d) The activities of the legal entity are primarily related to securitizations or other forms of asset-backed financings or single-lessee leasing arrangements.”

An entity that meets the accounting definition of a business and does NOT meet any of the other four conditions is excepted out of the VIE analysis. When you look at this scope exception in its totality, you begin to see how it works. It does not, as many people mistakenly believe, except out a “business”. Instead, it excepts out a “business” that would not be considered a VIE. Just meeting the business definition is not enough. The entity must also not have any characteristics that might lead to the conclusion that it is a VIE. That is the point and purpose of the additional conditions.

Once you have your head around this concept, I believe the actual analysis of the business scope exception becomes rather simple. The accounting definition of a business can be found in ASC 805. ASC 805-10-20 defines as business as, “An integrated set of activities and assets that is capable of being conducted and managed for the purpose of providing a return in the form of dividends, lower costs, or other economic benefits directly to investors or other owners, members or participants.” In addition to this definition, ASC 805-10-55-4 through 9 provide implementation guidance that is helpful in determining what constitutes a business.

The evaluation of whether an entity is a business or not can get messy.The definition of a business in ASC 805 is principles based and therefore open to interpretation and judgment. The definition is provided above. ASC 805-10-55-4 provides further guidance by declaring that, “A business consists of inputs and processes applied to those inputs that have the ability to create outputs. Although businesses usually have outputs, outputs are not required for an integrated set to qualify as a business.” This last element is important when evaluating a development stage entity which will likely have no outputs for an extended period of time. In the case of a development stage entity, ASC 805-10-55-7 provides other factors that should be considered.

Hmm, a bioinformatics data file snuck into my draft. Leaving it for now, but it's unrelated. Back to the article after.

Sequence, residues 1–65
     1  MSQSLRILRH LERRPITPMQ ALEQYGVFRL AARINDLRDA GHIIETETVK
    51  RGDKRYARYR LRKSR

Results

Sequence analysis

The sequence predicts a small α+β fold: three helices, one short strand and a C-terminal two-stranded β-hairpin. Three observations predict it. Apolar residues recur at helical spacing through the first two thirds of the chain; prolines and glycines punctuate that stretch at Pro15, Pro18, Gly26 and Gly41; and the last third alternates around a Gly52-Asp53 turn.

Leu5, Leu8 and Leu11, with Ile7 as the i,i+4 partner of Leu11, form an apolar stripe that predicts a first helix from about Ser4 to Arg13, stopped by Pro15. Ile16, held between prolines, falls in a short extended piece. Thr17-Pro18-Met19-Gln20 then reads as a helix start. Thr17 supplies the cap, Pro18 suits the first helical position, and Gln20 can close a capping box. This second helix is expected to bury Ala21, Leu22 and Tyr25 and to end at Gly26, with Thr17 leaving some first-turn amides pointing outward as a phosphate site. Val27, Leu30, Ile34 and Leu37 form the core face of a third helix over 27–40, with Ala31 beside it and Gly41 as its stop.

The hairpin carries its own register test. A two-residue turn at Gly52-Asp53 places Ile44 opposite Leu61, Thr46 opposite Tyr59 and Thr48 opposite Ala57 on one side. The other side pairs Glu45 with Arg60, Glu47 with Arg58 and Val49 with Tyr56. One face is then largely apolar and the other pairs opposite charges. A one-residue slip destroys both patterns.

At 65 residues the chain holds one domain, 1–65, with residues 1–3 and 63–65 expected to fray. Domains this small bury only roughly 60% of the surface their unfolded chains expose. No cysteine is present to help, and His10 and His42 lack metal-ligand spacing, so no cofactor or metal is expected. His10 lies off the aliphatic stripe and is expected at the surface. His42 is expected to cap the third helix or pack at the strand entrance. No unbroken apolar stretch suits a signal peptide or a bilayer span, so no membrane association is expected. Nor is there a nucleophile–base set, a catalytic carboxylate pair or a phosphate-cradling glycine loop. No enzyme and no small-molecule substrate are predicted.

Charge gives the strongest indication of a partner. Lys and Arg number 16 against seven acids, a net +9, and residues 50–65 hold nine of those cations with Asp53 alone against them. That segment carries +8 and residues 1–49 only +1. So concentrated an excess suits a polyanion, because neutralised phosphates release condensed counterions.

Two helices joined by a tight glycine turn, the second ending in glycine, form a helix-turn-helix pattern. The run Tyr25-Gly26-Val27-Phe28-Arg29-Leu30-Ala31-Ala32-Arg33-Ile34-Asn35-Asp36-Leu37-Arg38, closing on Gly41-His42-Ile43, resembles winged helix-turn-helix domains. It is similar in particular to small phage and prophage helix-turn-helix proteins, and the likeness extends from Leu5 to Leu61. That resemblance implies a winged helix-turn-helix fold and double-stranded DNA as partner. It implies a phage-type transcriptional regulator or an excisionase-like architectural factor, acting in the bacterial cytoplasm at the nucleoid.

All of this guidance is principles-based. I believe that most people with some experience will know whether the entity is a “business” based on the nature of its operations, its financing and capital structure, and its overall purpose. There is no rules-based approach to this evaluation. Don’t look for a bright line definition.

Also, it is important to note that ASC 805 changed the definition of a business for this scope exception. Prior to ASC 805, the definition was provided by ASC 810-10-55-19 through 25. An entity determined to be a business under the previous definition did not need to reassess simply because the definition changed. However, if a redetermination event has occurred requiring redetermination of the entity as a VIE, then the new ASC 805 definition must be applied. This may result in an entity previously exempted from the VIE model as a business no longer qualifying for this scope exception.

Reconsideration

The conditions necessary to qualify for this scope exception (ASC 810-10-15-17(d)) must be evaluated as of each reporting date. If all of the conditions are not met, then the business scope exception is no longer available.

Conclusion

Remember, all that this scope exception does is except the entity out of the VIE analysis. The voting interest consolidation model is still in play and must be applied if the VIE model is ruled out.